In sexual reproduction the cells used for reproduction, called gametes, are either eggs or sperms. Fertilisation needs two different such cells. The mechanism of cell division only works when one sperm alone enters the egg. Once it is in, a fast reaction goes through the egg cell wall to shut off all other sperm.[4][5][6]

Sex determination change

Sex determination in biology is about the function of sex, not what individuals look like. In humans, males and females usually look different. In many species they do not, except for the sex organs. Sex can be determined in different ways:

  • Hermaphrodites produce both male and female gametes. This system can be found in some animals, for example snails, and in most flowering plants.[7]
  • In most cases there are separate sexes. This means that an organism either produces male gametes or eggs, but not both at the same time. The biological cause for an organism developing into one sex or the other is called sex determination.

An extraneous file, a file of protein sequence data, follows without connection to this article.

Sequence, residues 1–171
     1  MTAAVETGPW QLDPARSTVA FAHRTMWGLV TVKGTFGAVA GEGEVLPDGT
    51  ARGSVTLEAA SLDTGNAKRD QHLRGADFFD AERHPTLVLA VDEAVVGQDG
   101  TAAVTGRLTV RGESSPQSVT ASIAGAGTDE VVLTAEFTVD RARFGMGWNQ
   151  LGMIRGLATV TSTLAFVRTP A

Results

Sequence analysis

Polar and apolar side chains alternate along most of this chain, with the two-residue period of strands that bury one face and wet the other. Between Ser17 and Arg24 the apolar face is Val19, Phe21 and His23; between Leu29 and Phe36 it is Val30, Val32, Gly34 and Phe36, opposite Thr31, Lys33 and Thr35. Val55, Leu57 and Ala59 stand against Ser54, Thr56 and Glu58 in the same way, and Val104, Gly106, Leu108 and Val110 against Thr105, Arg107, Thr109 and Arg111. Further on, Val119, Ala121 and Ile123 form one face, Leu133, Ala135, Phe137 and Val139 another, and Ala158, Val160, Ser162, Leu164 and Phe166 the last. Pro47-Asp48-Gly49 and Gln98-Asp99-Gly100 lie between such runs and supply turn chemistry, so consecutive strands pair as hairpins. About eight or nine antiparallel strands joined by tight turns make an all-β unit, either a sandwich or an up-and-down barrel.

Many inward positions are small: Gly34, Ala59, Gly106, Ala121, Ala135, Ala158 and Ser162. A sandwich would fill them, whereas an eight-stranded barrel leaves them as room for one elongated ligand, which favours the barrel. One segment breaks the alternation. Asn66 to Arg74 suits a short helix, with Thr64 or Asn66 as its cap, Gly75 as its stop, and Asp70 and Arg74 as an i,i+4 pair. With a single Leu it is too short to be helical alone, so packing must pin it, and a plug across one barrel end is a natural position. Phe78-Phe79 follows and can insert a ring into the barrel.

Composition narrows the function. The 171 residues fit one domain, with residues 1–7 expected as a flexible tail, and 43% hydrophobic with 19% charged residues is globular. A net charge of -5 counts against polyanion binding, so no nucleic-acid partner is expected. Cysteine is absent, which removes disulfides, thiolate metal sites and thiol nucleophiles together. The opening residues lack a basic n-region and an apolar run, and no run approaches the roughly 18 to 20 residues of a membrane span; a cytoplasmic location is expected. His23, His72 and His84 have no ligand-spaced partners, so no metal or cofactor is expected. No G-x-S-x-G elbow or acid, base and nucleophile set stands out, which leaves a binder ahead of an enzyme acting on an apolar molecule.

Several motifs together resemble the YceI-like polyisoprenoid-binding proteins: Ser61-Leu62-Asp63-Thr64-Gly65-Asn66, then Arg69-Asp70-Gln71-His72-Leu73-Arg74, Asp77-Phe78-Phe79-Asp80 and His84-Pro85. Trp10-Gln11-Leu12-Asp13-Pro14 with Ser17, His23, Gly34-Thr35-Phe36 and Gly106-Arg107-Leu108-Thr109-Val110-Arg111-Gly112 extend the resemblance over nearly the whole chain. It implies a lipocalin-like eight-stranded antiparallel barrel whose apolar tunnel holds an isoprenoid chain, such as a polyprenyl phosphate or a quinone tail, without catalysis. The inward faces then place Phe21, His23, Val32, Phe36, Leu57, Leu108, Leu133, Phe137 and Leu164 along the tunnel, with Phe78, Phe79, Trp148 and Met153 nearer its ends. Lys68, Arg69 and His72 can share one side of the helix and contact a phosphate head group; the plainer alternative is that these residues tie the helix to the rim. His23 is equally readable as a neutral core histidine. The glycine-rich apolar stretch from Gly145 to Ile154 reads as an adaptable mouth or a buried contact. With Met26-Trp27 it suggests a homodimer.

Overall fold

• As a result of sex determination, the organism is either male, or female.

When there is sex determination there are basically two cases:

  • The sex is determined through the genes the organism inherits from its parents.
  • The sex is determined through the environment.

Genetic change

Like humans and other mammals, the common fruit fly has an XY sex determination system.

Usually, sex is determined by an organism's genes. With genetic sex determination, most alleles or genes that influence sexual development are on the same chromosome. That chromosome is then called the sex chromosome. Because genetic sex determination is controlled by a pair of sex chromosomes (or if of one of the chromosomes is there or not), there are usually the same number of male and female offspring. In humans, for instance, sperms carry either an X or a Y chromosome, and they occur in roughly equal numbers.

Clownfish are initially male; the largest fish in a group becomes female.

Nongenetic change